Matthew Cameron-Smith’s first 100 days as CEO of Voyages Indigenous Tourism Australia have been… interesting to say the least.
The former head of AAT Kings and Inspiring Journeys is no stranger to domestic travel, but domestic travel during a global pandemic is a whole new kettle of fish.
We caught up with Cameron-Smith after celebrating his first 100 days at a delicious dinner among an Indigenous rooftop garden in Redfern…
Travel Weekly: How are you finding the new role and what attracted you to working for Voyages?
Matthew Cameron-Smith: Like any role in travel and tourism at the moment, it has its challenges including those that come from left field (regularly).
I’m very fortunate to have an amazing team and what attracted me drives us all – enriching people’s lives through cultural tourism, delivering authentic indigenous experiences and creating employment opportunities for indigenous Australians to work in tourism.
TW: With state borders beginning to open, how can the industry encourage Aussies to travel domestically in a way that benefits Indigenous Australians?
MCS: Stay focused on the opportunity that is domestic. Package up meaningful experiences rather than just the basics. Encourage Australians to go off the beaten track and really explore their own country understanding that tourism and the visitor economy will play a very real part on the industries and the country’s road to recovery.
TW: What does Voyages relationship with travel agents look like?
MCS: It remains very strong and we are as committed as ever to working with our trade partners.
TW: Is there a reason the company’s Northern Territory property is called Ayres Rock Resort? Are there any plans to change the name to Uluru Resort or something similar?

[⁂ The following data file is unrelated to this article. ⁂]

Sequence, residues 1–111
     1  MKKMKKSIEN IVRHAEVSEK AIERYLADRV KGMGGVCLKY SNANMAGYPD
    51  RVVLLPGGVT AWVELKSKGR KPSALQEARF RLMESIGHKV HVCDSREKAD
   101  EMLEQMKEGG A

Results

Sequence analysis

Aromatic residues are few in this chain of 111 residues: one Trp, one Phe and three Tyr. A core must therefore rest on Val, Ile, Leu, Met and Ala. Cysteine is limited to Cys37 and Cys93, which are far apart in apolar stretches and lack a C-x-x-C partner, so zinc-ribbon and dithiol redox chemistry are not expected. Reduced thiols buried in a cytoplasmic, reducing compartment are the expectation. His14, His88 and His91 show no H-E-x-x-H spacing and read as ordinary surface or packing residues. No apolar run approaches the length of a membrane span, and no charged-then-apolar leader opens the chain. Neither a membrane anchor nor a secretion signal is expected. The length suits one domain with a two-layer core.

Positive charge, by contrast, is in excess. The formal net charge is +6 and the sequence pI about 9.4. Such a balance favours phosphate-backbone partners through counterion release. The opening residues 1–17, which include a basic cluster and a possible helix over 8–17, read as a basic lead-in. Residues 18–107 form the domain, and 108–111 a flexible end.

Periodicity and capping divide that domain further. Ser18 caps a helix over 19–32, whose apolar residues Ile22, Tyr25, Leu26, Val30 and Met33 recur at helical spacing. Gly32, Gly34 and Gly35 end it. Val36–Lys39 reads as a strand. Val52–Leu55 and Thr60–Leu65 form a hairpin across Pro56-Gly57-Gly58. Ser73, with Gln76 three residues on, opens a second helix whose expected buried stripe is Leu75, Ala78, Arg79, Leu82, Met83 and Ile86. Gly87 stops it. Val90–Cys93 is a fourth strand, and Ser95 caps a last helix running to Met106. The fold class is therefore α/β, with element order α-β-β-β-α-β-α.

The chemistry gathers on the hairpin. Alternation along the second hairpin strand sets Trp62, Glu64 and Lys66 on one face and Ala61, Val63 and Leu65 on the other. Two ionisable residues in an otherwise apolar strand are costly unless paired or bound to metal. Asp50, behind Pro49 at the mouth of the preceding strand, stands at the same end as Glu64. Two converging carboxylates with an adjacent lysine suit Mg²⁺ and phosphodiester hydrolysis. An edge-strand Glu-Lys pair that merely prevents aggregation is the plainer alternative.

MCS: You are not the first ones to ask that! We have done a lot of research and consultation on that matter, and it’s important to note that ‘Uluru’ is actually a family name of the traditional owners, and not using ‘Uluru Resort’ rather than Ayers Rock Resort is by agreement with the local community.
TW: What is Voyages doing to encourage Australians to ‘Holiday Here This Year’?
MCS: We love the Tourism Australia initiative and use it every chance we get. Voyages has offered many deals to be part of the marketing campaigns and worked closely with Jetstar to ensure we have the right campaigns in the market at the right time in order to stimulate demand and visitation.
During the closure of Ayers Rock Resort through the COVID-19 pandemic, Voyages Indigenous Tourism Australia took the opportunity to bring forward its $50 million plan for an extensive refurbishment of the property as well as upgrades to nearby airport infrastructure, including new screening areas for enhanced security.
The refurbishment encompasses extensive upgrades at the five-star Sails in the Desert seeing improved guest rooms and suites alongside an upgraded lobby, swimming pool and restaurant. Further upgrades were completed at The Lost Camel, as well as the much-needed replacement of toilet blocks and bathrooms in the campground.
TW: Considering its connections and touchpoints with vulnerable Indigenous communities, what is Voyages stance on domestic borders reopening?
MCS: The wellbeing of the community, our guests and our staff have been at the forefront of our reopening plans, and we continue to work closely with the health authorities to ensure the highest possible standard of protocols.
In addition to the extensive health regime within the resort, Ayers Rock Airport has the highest standards of any domestic airport in the country, as we are the only port that screens pre-departure as well as post-arrival.
TW: COVID restrictions aside, what are the main issues Voyages faces?
MCS: Putting aside domestic and international borders for the moment, like many regional leisure properties, we face the real challenge of staffing as we ramp up. This, combined with managing the ever-changing expectations of guests, will remain a challenge but is one we will take head-on.